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Thread: my new toy, before and after

  1. #1
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    my new toy, before and after

    Gene Cafe Coffee Roaster $850 - Free Beans Free Freight
    Heres my new rig, a Cimabli Junior with matching grinder,

    looked nice but needed a minor adjustment so heres the after picture




    Im glad I paid attention during Meccano lessons at pre school :D

    Good news is its now back together and pulling great shots. It only needed a heating element replaced but after hearing all the horror scale stories I decided to go the whole hog and strip it right down, All parts descaled back to original condition, new gaskets, o-rings etc. certainly learnt heaps about what makes an espresso machine work but fortunately this is a pretty simple model, non auto,tank fill and no electronics.

  2. #2
    Super Moderator Javaphile's Avatar
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    Re: my new toy, before and after

    Thats awesome dude! Gotta love quality equipment. Specially when you get to tear it apart and find out what makes it tick! I had a laugh I had the recent pleasure of doing that myself and I got to know the insides of my new toy rather well over the course of the 4-day (Sleep? Whats that?) tear-down, descale, clean, and rebuild. Here she is just before pieces started going back on.

    DCP_1137-Resized 800.jpg

    And this is why I tore her *all the way down for a thourough descaling and cleaning!

    DCP_1140-Resized 800.jpg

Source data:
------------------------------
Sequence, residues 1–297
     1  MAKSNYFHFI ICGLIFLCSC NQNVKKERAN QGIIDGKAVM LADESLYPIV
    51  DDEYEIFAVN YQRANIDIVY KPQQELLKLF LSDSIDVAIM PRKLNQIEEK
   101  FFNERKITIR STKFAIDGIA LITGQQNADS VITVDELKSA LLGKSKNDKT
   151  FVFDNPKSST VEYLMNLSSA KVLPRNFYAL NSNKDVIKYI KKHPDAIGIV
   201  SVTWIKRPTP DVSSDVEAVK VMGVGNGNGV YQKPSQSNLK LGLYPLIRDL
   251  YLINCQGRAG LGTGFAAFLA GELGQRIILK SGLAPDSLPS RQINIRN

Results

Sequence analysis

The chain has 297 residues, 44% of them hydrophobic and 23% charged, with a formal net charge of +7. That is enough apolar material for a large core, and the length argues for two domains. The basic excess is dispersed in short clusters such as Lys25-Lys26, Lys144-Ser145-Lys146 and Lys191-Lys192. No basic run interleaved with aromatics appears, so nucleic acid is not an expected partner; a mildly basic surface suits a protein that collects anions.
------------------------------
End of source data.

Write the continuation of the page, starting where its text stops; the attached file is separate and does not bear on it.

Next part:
Gotta love Cimbalis! :)

    Java "Now where did I put all those pieces" phile :D
    Last edited by Javaphile; 14th September 2013 at 09:34 AM. Reason: Fixed picture links

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    Re: my new toy, before and after

    Nice pics Javaphile! :P

    I like the Cimbali Junior. In this world of E61 Faema knock-offs and shiny chrome The Junior has that no-nonsense look that looks like it could survive a nuclear explosion. ;)

    Truly the Sherman Tank of the Espresso machine world. Same applies for the Wega Mininova. Very professional looking machines.

    Just a question Javaphile. How hard is she on the electricity bills and what sort of warm-up times does she require ??? Shed be a good machine to have on 24/7 and plumbed in.

    Warren -



  4. #4
    Super Moderator Javaphile's Avatar
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    Re: my new toy, before and after

    Quote Originally Posted by warren link=1103091005/0#2 date=1103149436
    Nice pics Javaphile! :P

    I like the Cimbali Junior. In this world of E61 Faema knock-offs and shiny chrome The Junior has that no-nonsense look that looks like it could survive a nuclear explosion. ;)

    Truly the Sherman Tank of the Espresso machine world. Same applies for the Wega Mininova. Very professional looking machines.

    Just a question Javaphile. How hard is she on the electricity bills and what sort of warm-up times does she require ??? Shed be a good machine to have on 24/7 and plumbed in.

    Warren -

    Hey Warren,

    Yeah I really like the all stainless look. Unfortunately my Cimbali, an M28 Basic 2cl made in 1994, is manily painted pieces. :/\/ No where near as good looking as all stainless in my opinion.

    As to the costs of running mine 24/7 I have yet to get a full months electricity bill with it on it as Ive only had it for about a month now. Based on the timing of how often the heater kicks on Im guessing the total cost per month of running it 24/7 at about $30US. This is based on a per Kw/hr charge of 10 cents. The heater seems to be on about 1/8th of the time in a room that has an ambient temp of about 15C.